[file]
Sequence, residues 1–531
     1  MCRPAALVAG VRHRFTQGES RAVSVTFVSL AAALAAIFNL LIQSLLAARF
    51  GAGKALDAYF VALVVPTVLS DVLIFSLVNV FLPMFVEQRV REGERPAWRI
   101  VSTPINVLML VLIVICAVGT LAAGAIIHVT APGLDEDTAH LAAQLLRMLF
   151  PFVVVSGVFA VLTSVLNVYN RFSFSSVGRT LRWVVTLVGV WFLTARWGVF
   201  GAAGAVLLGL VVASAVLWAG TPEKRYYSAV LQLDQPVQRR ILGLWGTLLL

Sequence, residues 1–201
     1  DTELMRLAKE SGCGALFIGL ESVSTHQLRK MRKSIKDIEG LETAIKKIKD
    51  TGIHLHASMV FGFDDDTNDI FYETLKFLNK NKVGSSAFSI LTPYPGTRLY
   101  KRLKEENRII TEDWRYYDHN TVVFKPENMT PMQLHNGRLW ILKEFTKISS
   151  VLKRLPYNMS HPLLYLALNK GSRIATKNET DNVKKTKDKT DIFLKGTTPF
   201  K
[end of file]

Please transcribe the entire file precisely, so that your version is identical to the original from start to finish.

Sequence, residues 1–531
     1  MCRPAALVAG VRHRFTQGES RAVSVTFVSL AAALAAIFNL LIQSLLAARF
    51  GAGKALDAYF VALVVPTVLS DVLIFSLVNV FLPMFVEQRV REGERPAWRI
   101  VSTPINVLML VLIVICAVGT LAAGAIIHVT APGLDEDTAH LAAQLLRMLF
   151  PFVVVSGVFA VLTSVLNVYN RFSFSSVGRT LRWVVTLVGV WFLTARWGVF
   201  GAAGAVLLGL VVASAVLWAG TPEKRYYSAV LQLDQPVQRR ILGLWGTLLL

Sequence, residues 1–201
     1  DTELMRLAKE SGCGALFIGL ESVSTHQLRK MRKSIKDIEG LETAIKKIKD
    51  TGIHLHASMV FGFDDDTNDI FYETLKFLNK NKVGSSAFSI LTPYPGTRLY
   101  KRLKEENRII TEDWRYYDHN TVVFKPENMT PMQLHNGRLW ILKEFTKISS
   151  VLKRLPYNMS HPLLYLALNK GSRIATKNET DNVKKTKDKT DIFLKGTTPF
   201  K